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N.Texas School District Says Tri-lingualism Must Be New Norm

By Bill Zeeble, KERA 90.1 FM Reporter

Carrollton-Farmer's Branch/Dallas, TX – Bill Zeeble, KERA 90.1 Reporter: Ruth Feldman, in charge of Family Services and Parent Education for the Carrollton-Farmers Branch schools, says the demographic profile of some Dallas suburbs like hers isn?t what it used to be.

Ruth Feldman, Family Services, Carrollton-Farmers Branch Independent School District: When you hear about a suburb, you think it?s not a minority. But they?re moving northward, and now it is 51% minority.

Zeeble: Feldman adds another misconception is that non-English speakers - children or parents - need only master English to succeed. Feldman: Now children have to be trilingual. English, Spanish, they speak at home, Asian language they speak at home. And the computer language. We?re forgetting the computer languages. We?re becoming bilingual. English and computer languages.

Zeeble: So Feldman and colleague Cheryl Sallard, a computer instructor in the district, launched their own program for adults. That way, parents wouldn?t be left behind as their children learned computerese. What started as a volunteer, free class for 10 mostly-immigrant parents three years ago has grown to nine classes with 150 adults. Sallard?s not surprised.

Cheryl Sallard, computer instructor, Carrollton-Farmers Branch ISD: Because there?s a need. I?m not surprised in that way. Hopefully we?ll be able to meet the need in the future. We?re not going to provide everything in technology by any means, but we?re trying to provide a basic foundation. Keyboarding at three levels, and three levels of Microsoft Word. We think that?s a good foundation for a parent to not only help themselves but also to help work with their children.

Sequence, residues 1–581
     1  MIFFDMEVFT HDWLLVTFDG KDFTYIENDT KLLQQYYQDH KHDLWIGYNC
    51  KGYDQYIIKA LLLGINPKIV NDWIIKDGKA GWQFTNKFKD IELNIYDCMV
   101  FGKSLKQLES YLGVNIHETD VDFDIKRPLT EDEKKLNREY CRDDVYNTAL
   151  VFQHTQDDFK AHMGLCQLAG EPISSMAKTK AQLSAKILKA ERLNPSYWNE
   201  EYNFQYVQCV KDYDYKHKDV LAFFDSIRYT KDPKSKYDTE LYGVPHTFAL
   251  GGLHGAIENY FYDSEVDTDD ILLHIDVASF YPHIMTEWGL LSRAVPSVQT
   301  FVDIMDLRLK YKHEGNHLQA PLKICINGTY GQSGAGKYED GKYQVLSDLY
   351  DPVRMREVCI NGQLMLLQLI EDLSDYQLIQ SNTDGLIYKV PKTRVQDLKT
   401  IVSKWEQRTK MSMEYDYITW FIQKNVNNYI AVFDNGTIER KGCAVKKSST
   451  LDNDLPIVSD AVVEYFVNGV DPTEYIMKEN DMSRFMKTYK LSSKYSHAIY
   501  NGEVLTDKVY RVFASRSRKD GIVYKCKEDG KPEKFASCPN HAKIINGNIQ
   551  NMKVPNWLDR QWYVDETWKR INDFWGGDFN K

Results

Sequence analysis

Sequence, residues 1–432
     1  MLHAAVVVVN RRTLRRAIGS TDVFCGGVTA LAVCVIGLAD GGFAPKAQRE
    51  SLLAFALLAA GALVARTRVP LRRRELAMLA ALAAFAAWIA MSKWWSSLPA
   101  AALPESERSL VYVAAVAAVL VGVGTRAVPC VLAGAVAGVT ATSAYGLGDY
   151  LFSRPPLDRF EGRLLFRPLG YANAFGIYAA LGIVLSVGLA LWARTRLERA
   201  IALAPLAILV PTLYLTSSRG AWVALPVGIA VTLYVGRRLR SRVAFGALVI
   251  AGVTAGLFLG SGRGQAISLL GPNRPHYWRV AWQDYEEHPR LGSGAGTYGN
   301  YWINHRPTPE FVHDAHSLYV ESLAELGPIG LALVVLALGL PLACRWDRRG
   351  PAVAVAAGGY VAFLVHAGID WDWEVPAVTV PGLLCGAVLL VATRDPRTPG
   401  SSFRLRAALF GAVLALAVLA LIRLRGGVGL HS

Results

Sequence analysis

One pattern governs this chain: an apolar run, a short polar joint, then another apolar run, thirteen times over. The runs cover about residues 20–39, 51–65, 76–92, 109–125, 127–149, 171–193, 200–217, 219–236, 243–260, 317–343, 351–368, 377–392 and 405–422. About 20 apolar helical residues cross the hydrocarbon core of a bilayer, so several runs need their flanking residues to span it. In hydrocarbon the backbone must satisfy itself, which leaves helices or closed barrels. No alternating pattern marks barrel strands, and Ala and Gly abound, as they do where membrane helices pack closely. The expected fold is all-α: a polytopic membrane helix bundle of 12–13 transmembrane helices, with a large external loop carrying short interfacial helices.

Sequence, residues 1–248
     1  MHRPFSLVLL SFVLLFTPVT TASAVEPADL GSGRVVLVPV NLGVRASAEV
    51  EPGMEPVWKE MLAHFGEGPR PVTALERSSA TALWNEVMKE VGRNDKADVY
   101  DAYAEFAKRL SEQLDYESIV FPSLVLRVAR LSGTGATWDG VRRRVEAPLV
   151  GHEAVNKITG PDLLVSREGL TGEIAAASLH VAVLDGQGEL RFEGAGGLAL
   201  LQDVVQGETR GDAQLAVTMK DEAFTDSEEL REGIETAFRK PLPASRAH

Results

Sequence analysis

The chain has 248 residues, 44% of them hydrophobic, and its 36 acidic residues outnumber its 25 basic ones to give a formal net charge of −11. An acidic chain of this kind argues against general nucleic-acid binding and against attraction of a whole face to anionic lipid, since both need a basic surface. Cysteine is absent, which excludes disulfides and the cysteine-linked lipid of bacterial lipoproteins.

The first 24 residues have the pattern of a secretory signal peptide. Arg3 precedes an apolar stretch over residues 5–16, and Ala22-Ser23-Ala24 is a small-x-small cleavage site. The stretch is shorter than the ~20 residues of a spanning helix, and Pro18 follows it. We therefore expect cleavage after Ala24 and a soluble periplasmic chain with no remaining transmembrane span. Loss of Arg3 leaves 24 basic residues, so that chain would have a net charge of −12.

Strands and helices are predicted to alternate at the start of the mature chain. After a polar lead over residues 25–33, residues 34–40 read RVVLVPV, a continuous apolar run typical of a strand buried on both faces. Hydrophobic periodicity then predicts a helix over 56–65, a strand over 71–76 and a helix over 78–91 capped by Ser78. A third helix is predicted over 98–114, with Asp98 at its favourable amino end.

Zeeble: Jesus Cardenas, a 36 year-old father of an eight year-old and twin five year-olds, wants as much computer education as he can get from the school district.

Jesus Cardenas, parent: If you learn computers, it?s like a way for you to go higher, try to make your living a little better. It?s very important.

Zeeble: Cardenas already uses a computer where he works in shipping and receiving at a nearby warehouse. Now enrolled in the school district?s intermediate night class, he volunteers another night to teach the beginner class he finished weeks ago.

Cardenas: So I can help others learn how to type and use the computer and helping other people like they helped me. It?s very important, ?cause we need to learn how to learn the computer, ?specially here in the U.S., especially for us that we?re Hispanic, we need to learn all this so we can help our kids.

Zeeble: Or at least, he says, keep up with them. Cardenas is the kind of parent these adult classes at Carrollton-Farmers Branch school district were designed for. The program?s co-creator, Ruth Feldman, says the classes cost $5,000 a year. Federal Title I money helps, along with volunteer teachers like Cardenas and Anne Gervasi, a DeVry Institute English teacher by day.

Anne Gervasi, volunteer computer teacher: When I heard this program was set up to increase skills of parents so they could get better jobs and do more with their lives and children, I said, ?Sure, sign me up.?

Zeeble: Ruth Feldman expects the number of adult students taking these computer classes to keep growing. To enroll, attendees must first take district-sponsored parenting classes. The six-week sessions focus on improving family communication and discipline. Feldman says the computer course is a kind of reward for attending the family program. According to the U.S. Department of Education, the school district?s adult computer program reflects a national trend, in which school districts are increasingly offering computer literacy classes. In fact, the Dallas school district has just launched its own program, not tied to family classes. Students haven?t met yet. For KERA 90.1, I?m Bill Zeeble.